Noel Brett, Chief Executive, Irish Banking Federation, said “As the principal voice of the banking and financial services sector, we are especially mindful of our role in helping to make the sector economically sustainable and profitable again so as to play its pivotal role in our economic recovery.  In light of past events we are more mindful than ever of our wider societal role too.  Ireland and Europe will only recover and start to perform at the optimum level when there is a sustainable, profitable, fully functioning banking industry. Today has outlined some potential strategies to define and deliver the new shape of banking in Ireland. What is required now is delivery. Banks must adopt robust strategies to deliver the new shape for their business so that they can play their full part in Ireland’s continued economic and social recovery.”

Among those contributing to the conference were: Hans van der Noordaa, CEO, ING Retail Banking BeNeLux; Dr. Diego Rodriguez-Palenzuela, Adviser, Directorate Monetary Policy, European Central Bank, Tony Foley, Economist, Dublin City University Business School and Mark Gilbert, London Bureau Chief, Bloomberg News. Each addressed the conference on the policy, regulatory, consumer and other external trends shaping currently shaping the banking industry. Jim Barry, Managing Director and Chief Investment Officer of the Renewable Power Group, BlackRock Alternative Investors and Dara Deering, Executive Director and Head of Retail Banking, KBC Bank Ireland plc, addressed the conference on banking business strategies in the new banking landscape.

Chand Kohli, Partner and Head of Financial Services Practice, PwC, the conference’s principal sponsor, also addressed the conference.

For a full copy of the welcome address given by John Reynolds, IBF President, click here.

IBF National Conference – 20th November 2013

Pictured L to R: Dr. Diego Rodriguez-Palenzuela, Adviser, Directorate Monetary Policy, European Central Bank, Noel Brett, Chief Executive, IBF and Hans van der Noordaa, CEO, ING Retail Banking Benelux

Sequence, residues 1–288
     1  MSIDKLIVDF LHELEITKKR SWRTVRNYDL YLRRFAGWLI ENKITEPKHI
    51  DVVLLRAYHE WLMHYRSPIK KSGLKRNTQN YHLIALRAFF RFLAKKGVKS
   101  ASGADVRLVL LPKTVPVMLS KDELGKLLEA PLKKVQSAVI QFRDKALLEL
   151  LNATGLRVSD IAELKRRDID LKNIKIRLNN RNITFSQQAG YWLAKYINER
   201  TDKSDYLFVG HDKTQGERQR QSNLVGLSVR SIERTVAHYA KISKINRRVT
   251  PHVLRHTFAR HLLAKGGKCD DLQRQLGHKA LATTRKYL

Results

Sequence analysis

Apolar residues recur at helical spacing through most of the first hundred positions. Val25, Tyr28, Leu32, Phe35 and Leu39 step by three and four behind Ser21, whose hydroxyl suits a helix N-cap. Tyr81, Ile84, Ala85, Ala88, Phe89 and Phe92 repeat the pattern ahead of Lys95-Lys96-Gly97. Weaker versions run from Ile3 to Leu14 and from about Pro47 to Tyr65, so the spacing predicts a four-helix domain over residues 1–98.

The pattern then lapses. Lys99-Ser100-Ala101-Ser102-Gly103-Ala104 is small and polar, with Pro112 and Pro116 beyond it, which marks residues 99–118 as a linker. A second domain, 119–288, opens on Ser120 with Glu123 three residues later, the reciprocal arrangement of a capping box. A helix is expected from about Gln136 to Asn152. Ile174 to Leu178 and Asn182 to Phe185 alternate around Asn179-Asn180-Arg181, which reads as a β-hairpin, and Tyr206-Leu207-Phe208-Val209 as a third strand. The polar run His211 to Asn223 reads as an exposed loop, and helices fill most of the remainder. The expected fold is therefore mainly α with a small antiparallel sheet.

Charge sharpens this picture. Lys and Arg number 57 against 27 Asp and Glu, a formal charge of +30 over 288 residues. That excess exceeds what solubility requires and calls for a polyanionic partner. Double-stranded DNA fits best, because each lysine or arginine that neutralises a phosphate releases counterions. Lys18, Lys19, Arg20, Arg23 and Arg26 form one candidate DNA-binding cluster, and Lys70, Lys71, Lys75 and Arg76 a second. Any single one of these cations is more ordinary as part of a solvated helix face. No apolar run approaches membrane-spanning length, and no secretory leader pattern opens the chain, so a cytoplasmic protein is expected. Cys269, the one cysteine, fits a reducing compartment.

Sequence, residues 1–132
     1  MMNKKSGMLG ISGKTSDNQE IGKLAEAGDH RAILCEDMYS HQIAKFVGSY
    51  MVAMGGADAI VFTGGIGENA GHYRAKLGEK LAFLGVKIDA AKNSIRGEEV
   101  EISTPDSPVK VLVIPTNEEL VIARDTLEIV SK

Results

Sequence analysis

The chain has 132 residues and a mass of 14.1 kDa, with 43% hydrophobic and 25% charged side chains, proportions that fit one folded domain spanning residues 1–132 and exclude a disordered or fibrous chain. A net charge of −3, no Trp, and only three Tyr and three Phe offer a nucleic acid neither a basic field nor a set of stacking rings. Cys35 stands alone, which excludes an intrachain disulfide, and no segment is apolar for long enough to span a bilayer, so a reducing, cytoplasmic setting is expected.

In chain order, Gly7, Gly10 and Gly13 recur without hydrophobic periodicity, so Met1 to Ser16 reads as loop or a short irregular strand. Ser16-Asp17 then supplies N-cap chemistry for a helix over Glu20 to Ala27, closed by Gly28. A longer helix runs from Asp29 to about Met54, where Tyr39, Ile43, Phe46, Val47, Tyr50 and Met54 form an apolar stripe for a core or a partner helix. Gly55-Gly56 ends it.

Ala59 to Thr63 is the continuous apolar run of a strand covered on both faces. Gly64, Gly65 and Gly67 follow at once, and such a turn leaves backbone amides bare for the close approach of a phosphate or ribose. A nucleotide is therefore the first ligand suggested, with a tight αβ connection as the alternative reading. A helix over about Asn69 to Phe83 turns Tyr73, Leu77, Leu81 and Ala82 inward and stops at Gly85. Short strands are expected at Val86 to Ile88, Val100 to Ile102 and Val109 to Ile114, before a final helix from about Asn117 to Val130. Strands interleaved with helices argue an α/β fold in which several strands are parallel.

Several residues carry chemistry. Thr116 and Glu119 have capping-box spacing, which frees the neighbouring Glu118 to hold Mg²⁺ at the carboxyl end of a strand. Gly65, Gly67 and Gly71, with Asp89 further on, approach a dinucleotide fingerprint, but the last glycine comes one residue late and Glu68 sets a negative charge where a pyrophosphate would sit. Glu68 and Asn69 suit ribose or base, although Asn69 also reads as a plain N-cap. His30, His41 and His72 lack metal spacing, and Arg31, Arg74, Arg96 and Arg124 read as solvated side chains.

Each year this flagship event attracts a host of senior bankers, regulators, policy makers and commentators, providing an exclusive forum to discuss and debate the critical issues affecting the sector.

This year’s conference, Banking for Sustainable Growth, took place on Wednesday 20th November, in the Radisson Blu Hotel, Dublin. Hosting a gathering of Irish, UK and European senior policy makers and industry leaders, the conference discussed the direction in which banks need to go in the post-crisis landscape in order to rebuild growth, sustainability and profitability.

Trading environment for many SMEs made challenging by weak domestic demand

  • Gradual recovery in domestic demand expected over the medium term

A newly-launched monitor of SME market activity, the DKM/IBF SME Market Monitor, points to a difficult trading environment for many SMEs.  Key indicators such as domestic demand, retail sales and disposable income remain weak; however, the Monitor also points to evidence of an uplift in some indicators which could augur well for SMEs’ prospects.

SME Monitor publication

Annette Hughes, Director, DKM Economic Consultants and Noel Brett, CEO, IBF pictured at the publication of the new DKM/IBF SME Market Monitor

Prepared by DKM Economic Consultants for IBF, the DKM/IBF SME Market Monitor looks at 15 published indicators which are important for the performance of Small and Medium-Sized (SME) businesses.  By looking at the totality of this data DKM assesses the future prospects for the Irish SME market as a whole.  And while certain indicators such as the Consumer Sentiment Index and the Purchasing Managers’ Index are heading in the right direction for SMEs, a number of other key indicators are trending down or are at best flat – namely, domestic demand, retail sales and disposable income.

DKM’s Annette Hughes states:

“The picture which emerges is one of a fragile domestic economy in which personal consumption, government spending and investment continue to struggle….Similarly, the Retail Sales Index has been relatively stagnant for some time now, both including and excluding motor sales.  Any meaningful pickup in retail sales and thus SME activity will require a sustained increase in disposable incomes and a willingness amongst consumers to spend.”

According to Hughes, for a meaningful improvement in their prospects SMEs need to see a continued improvement in consumer sentiment and further improvement in employment which will support disposable incomes.  Evidence of an uplift in the domestic economy will drive demand for credit.  We can expect to see a gradual recovery in domestic demand over the medium term, she concludes.

The DKM/IBF SME Market Monitor can be viewed on the IBF website here

Note: The Irish Banking Federation (IBF) is the principal voice of the banking and financial services sector in Ireland, representing over 70 member institutions and associates, including licensed domestic and foreign banks and institutions operating in the financial marketplace here.

Contact: Annette Hughes, Director DKM Consultants, Ph1 6670372

Jillian Heffernan, Marketing Communications Manager, IBF, Ph: 01 4748835 / 087 9016880

Mortgage Market Activity Strengthens in Q3 2013